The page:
It’s open, he shouted at her, pull it. It jars a little the way he talks to or shouts at his mother. She is profoundly deaf (and sometimes I shout at him too, though he is not so deaf) but nevertheless she is such a stately being that it still appears rather disrespectful. I wonder if they are happy cohabiting. Perhaps he stays up into the early hours to have that time to himself.
Must work now. Three days of it. So be it. She was lovely. Ah, the weight of doing such good people justice.
I was sitting out reading when one of the estate’s cats sauntered into my eyeline (I heard the jingle of its collar bells first). She or he (who knows) stood for a short time staring at something (I couldn’t see it, perhaps it was the cicada-cum-grasshopper that keeps me company in the afternoons) in the undergrowth and then did a rather clumsy pounce, but caught nothing. She walked off, seemingly unperturbed. I saw her again later when I walked back to the flat. She was running then with a strange brown contraption attached to her hindquarters. Her owner, a girl in a black and white striped t-shirt was running after her. Come here, Heidi, she shouted. C’mon girl. I heard the owner continue to wheedle and call, but Heidi didn’t appear. We crossed paths up the little hill and I asked her what it was that was caught on the back of her legs. Flypaper, she said.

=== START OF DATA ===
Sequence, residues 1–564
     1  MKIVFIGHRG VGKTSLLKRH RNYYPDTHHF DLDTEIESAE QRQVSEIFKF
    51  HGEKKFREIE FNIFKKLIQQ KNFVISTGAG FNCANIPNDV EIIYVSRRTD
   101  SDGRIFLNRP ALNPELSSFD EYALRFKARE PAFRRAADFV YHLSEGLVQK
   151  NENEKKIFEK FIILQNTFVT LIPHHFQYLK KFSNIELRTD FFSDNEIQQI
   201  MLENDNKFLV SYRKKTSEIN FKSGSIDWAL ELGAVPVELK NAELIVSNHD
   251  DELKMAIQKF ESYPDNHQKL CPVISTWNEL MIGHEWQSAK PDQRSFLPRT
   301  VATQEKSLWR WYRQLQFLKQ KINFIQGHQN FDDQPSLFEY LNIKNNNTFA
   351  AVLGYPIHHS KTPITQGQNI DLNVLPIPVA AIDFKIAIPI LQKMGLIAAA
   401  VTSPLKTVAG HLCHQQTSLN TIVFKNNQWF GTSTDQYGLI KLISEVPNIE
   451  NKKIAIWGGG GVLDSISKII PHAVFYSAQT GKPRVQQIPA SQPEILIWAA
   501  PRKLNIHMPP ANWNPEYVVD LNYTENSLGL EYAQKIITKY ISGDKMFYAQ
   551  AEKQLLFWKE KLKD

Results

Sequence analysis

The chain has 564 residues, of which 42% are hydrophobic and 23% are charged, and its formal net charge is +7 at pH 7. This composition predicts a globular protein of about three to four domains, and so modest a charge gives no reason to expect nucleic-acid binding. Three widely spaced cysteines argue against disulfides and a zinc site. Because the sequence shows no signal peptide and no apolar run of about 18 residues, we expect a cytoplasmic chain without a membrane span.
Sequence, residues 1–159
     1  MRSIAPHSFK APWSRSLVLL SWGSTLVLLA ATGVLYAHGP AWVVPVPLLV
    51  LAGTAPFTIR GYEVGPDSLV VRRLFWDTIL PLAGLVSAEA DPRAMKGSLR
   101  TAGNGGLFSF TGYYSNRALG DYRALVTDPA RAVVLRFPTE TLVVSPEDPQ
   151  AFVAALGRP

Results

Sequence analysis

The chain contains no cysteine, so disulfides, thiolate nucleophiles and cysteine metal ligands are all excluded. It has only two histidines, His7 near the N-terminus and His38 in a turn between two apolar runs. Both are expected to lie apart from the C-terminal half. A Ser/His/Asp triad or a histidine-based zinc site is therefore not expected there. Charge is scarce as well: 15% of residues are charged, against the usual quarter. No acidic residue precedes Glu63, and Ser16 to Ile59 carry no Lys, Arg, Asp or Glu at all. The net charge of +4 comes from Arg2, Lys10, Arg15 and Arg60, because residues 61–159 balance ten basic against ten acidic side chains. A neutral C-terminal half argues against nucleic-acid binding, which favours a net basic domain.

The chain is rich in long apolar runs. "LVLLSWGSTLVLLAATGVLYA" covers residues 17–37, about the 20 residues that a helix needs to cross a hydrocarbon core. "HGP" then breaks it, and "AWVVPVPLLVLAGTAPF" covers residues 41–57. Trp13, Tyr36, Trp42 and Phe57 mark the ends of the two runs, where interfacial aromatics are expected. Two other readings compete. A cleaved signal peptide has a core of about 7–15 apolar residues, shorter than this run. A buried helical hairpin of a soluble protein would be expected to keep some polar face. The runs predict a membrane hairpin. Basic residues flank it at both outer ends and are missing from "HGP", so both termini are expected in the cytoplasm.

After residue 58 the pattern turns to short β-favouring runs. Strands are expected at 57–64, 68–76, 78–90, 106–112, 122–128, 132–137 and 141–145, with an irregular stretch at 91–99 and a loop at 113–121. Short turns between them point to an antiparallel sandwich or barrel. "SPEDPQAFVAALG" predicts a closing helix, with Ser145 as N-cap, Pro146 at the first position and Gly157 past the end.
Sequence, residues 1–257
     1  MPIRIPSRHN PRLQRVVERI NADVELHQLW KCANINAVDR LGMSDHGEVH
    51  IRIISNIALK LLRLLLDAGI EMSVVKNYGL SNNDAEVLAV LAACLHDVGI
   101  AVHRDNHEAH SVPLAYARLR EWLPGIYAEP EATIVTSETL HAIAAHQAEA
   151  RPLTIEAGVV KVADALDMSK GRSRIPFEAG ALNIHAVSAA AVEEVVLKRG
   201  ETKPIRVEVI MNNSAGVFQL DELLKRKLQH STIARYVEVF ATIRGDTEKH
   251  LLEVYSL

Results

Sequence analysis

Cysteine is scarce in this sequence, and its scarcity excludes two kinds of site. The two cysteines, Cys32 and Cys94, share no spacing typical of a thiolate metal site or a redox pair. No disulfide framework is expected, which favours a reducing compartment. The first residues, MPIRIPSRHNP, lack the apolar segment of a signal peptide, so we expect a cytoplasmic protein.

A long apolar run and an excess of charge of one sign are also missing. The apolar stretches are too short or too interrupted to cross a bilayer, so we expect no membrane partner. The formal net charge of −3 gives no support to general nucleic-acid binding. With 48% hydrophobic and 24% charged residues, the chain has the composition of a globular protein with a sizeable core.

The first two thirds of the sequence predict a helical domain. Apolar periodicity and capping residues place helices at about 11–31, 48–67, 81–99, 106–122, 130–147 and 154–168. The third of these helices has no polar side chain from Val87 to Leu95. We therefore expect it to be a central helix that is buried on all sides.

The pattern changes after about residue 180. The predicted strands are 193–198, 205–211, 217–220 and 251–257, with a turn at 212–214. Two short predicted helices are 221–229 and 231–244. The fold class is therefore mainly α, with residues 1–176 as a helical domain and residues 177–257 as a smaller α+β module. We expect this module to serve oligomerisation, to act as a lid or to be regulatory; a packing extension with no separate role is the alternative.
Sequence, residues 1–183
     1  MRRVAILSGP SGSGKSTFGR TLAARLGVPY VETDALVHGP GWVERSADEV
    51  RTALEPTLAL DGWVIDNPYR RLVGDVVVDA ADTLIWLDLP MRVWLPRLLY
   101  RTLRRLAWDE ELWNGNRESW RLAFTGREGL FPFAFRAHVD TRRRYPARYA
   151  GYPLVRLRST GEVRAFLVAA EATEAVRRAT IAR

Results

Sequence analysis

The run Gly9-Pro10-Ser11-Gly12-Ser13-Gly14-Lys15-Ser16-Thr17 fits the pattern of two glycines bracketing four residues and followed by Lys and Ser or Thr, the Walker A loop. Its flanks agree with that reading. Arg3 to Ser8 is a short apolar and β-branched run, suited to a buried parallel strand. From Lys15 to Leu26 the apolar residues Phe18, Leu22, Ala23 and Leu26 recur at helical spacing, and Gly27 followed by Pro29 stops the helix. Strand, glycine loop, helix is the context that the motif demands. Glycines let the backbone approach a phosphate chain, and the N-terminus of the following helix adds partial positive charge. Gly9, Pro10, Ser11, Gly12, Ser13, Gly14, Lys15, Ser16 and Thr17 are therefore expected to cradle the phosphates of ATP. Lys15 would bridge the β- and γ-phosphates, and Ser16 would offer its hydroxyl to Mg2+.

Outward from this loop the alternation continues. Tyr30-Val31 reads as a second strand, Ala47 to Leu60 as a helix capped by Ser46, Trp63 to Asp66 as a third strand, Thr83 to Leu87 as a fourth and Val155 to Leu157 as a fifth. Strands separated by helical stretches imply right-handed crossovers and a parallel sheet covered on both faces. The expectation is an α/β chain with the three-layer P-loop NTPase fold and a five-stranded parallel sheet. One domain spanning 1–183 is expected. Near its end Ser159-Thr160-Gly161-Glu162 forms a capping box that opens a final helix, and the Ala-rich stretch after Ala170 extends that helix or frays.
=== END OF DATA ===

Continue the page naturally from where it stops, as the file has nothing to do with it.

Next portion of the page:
Lifting my eyes from my book I saw a plume of white smoke beyond the trees and in the valley. It took me a while to work out what it was. The toot toot came later. It was mesmeric to watch. Those lovely puffs of white clouds, leaving their slow trail in the air as the little steam train chuffed and huffed up the hill. The shouts from the children on the Col Field (as he calls it) having their sports day was equally pleasing. An unexpected pleasure. Aren’t they the best?
And the reading fills me with so many questions and yearnings.
I dreamt of my mother’s house. It had been sold but there were still things in it that were ours. I could see them. I was there looking at them while still with my sisters discussing them. There were coffee pots and coffee grinders. The old fashioned kind with a wee drawer underneath. I need one of those, I told my siblings. And there were foldable ladders or stairs – like the kind you get in old libraries, several of them with beautifully turned, beaded – I don’t know what you call them, uprights?